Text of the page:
Real Estate

West Virginia’s Mystery Hole Is for Sale

West Virginia’s world-famous Mystery Hole, a roadside attraction from another era, is for sale for $495,000. For that you get a classic American tourist trap that has enchanted and befuddled travelers for decades, plus several outbuildings, including a cabin that “could easily be upgraded to year round living.”

The Mystery Hole is contained in a Quonset hut on the Midland Trail, US Route 60 near Ansted, West Virginia. As RoadsideAmerica.com describes it:

A rainbow of stars, teardrops, question marks, and hypno-swirls adorn the hut’s exterior, along with another emphatic “Wow!” Protruding from its side is an old VW beetle, nose buried, brake lights almost to the road shoulder, its exterior embellished with painted daisies, bird poop, a “Love” license plate, and a loosely-rendered message: “Flower Power.”

Mystery Hole
Photograph by Flickr user Tom Hart.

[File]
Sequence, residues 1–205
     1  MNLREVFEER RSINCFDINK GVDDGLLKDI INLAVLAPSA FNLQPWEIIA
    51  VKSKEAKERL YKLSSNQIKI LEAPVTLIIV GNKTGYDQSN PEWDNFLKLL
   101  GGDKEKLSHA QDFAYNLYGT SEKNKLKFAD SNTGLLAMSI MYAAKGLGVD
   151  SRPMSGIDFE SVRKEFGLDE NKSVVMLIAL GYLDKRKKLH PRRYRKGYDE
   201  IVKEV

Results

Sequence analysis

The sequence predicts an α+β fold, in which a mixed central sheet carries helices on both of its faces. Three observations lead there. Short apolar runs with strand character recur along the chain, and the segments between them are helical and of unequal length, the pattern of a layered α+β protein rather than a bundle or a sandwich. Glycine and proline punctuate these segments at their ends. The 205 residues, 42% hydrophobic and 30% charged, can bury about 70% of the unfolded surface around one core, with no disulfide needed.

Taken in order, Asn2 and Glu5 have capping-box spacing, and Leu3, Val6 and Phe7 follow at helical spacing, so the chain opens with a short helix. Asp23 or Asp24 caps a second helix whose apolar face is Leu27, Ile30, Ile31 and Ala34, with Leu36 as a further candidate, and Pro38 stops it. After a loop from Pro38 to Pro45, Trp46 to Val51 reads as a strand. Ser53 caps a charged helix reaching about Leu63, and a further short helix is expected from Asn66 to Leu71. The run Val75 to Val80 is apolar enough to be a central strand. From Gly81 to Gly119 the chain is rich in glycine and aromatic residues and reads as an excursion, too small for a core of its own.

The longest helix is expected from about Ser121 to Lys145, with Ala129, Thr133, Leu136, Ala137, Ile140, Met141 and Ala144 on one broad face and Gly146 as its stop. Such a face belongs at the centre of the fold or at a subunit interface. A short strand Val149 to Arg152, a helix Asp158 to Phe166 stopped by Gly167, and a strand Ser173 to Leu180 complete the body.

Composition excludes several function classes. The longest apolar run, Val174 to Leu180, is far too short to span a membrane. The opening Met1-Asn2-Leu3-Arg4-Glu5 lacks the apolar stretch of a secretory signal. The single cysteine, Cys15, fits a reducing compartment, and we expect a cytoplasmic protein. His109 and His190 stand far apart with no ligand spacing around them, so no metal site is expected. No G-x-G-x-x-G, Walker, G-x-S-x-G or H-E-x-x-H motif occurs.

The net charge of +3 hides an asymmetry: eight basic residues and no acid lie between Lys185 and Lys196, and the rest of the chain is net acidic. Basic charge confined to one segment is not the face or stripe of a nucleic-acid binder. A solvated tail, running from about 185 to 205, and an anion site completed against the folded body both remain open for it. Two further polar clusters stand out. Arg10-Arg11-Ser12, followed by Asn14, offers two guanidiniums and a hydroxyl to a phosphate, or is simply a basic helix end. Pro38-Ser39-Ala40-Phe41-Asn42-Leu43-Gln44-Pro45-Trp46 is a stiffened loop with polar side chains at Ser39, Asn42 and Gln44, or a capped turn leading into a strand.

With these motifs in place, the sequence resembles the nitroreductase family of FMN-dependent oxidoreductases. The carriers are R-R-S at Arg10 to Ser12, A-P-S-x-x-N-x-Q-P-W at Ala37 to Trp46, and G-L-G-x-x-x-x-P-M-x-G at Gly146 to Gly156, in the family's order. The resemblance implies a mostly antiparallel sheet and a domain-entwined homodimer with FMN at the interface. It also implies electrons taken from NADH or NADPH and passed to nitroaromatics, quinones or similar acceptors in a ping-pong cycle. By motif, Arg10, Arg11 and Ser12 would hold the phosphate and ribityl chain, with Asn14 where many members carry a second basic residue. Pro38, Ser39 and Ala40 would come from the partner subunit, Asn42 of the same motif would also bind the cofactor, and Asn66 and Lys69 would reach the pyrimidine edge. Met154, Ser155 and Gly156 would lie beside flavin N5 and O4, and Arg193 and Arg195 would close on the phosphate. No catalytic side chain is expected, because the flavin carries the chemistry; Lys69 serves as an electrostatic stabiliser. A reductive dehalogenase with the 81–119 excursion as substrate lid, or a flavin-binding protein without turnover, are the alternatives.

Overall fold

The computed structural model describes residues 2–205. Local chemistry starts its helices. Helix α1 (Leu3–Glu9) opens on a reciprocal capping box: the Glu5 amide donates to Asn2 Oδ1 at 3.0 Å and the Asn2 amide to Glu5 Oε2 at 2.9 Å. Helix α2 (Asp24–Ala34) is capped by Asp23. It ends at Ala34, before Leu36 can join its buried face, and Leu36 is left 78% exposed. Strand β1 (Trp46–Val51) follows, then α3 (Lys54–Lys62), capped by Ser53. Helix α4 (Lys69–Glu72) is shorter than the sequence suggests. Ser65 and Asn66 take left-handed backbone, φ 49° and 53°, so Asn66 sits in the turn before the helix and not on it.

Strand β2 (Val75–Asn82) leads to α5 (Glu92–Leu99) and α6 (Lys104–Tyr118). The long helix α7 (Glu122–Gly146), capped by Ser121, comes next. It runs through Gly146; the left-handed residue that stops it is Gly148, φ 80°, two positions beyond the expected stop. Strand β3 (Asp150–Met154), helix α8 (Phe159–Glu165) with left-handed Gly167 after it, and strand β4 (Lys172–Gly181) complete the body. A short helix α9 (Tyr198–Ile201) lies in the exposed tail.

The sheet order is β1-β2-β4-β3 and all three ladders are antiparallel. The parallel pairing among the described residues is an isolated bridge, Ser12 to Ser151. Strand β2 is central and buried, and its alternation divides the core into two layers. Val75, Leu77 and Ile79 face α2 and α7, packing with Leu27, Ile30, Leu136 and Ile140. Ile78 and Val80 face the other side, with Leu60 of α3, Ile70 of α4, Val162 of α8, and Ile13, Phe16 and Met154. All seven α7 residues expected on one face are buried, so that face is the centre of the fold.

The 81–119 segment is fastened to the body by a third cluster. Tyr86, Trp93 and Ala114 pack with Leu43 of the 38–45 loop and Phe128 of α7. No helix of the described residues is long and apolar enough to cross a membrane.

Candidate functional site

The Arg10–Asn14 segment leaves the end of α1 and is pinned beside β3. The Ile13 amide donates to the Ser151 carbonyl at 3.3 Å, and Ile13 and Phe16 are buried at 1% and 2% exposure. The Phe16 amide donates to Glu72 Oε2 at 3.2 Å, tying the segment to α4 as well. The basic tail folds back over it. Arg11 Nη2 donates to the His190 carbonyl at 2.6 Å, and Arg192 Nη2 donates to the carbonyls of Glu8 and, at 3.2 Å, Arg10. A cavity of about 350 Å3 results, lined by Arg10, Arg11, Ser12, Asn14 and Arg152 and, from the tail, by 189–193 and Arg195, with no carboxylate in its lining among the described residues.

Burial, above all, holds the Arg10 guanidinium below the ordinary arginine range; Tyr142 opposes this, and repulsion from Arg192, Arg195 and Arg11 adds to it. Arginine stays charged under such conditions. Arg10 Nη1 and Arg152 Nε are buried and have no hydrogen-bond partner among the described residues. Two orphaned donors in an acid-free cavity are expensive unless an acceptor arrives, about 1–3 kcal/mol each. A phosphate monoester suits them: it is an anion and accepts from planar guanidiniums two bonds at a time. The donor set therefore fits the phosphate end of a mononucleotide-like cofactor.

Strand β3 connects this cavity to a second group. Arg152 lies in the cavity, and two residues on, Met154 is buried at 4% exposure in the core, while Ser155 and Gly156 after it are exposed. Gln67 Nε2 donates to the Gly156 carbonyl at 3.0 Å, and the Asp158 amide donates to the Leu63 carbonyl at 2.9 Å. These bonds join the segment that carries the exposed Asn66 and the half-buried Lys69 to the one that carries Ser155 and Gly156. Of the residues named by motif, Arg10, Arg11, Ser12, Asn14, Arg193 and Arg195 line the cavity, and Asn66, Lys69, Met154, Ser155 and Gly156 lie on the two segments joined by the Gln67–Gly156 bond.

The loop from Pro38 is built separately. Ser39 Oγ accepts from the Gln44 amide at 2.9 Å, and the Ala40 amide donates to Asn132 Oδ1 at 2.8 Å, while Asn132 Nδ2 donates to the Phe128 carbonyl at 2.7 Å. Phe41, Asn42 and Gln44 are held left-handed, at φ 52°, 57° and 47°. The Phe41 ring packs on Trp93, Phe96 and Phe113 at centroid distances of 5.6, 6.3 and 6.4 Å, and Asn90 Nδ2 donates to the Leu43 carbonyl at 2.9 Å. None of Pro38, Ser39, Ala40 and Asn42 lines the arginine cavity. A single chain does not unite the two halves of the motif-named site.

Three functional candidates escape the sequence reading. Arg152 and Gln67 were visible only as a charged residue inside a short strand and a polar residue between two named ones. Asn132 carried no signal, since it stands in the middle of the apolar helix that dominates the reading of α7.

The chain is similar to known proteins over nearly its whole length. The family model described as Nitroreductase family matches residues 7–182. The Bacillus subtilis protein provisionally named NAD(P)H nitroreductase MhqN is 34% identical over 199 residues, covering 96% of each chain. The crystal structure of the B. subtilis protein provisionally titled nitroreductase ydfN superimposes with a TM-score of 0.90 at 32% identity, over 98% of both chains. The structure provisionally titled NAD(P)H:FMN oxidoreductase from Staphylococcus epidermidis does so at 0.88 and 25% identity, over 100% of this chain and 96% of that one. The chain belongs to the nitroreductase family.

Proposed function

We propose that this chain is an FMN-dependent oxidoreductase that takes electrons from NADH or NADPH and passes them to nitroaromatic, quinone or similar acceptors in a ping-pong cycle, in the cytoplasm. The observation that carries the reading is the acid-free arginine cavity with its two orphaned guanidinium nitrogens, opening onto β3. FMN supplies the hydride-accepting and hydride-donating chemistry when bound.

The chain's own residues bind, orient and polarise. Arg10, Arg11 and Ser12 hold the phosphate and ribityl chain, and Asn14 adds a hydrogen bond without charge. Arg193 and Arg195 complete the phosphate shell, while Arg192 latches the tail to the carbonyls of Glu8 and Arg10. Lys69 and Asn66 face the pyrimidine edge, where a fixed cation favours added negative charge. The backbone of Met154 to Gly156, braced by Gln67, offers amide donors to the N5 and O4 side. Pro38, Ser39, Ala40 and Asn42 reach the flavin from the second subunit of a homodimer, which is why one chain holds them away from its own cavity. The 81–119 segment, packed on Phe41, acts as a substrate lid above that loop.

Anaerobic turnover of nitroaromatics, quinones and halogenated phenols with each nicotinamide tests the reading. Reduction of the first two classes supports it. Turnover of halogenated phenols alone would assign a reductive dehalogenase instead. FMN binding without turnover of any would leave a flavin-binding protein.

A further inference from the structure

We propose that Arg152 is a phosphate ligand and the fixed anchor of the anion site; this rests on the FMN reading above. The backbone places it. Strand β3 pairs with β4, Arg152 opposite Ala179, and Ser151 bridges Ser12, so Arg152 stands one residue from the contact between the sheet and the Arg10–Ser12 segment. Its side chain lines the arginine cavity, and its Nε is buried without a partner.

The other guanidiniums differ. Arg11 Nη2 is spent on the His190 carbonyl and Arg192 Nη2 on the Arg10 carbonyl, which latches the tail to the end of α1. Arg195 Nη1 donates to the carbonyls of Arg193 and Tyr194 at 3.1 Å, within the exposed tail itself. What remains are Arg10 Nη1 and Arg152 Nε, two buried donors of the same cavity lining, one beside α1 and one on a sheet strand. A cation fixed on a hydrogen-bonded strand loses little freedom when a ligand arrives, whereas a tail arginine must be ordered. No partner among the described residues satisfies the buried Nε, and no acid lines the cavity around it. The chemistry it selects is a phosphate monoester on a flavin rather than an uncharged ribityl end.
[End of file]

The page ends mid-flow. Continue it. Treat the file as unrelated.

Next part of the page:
Inside the building, wonders await, though visitors are forbidden to reveal them. That hasn’t stopped it from inspiring art, like a painting by David Riffle and songs by the Richmond punk band Flannel and New York weirdos Bongwater, as well as a gentle tribute by these guys:

Donald Wilson established the Mystery Hole in 1973, according to an online encyclopedia about West Virginia. After Wilson died, Sandy and Will Morrison brought it back. A phone call to the attraction was not immediately returned, but Kenneth Bryant, the agent selling the property, says the Morrisons are simply ready to “retire and go south.” River rafting may soon come to the section of the New River near the property, which Bryant says could be a boon for the business.

But whether that happens or not, the spot’s place in American history is already secrure. “I’ve been out of state and tell people I’m from southern West Virginia, and I’ve had a couple people ask if I’ve been to the Mystery Hole,” says Bryant.

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Andrew Beaujon Washingtonian
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Andrew Beaujon joined Washingtonian in late 2014. He was previously with the Poynter Institute, TBD.com, and Washington City Paper. His book A Bigger Field Awaits Us: The Scottish Soccer Team That Fought the Great War was published in 2018. He lives in Del Ray.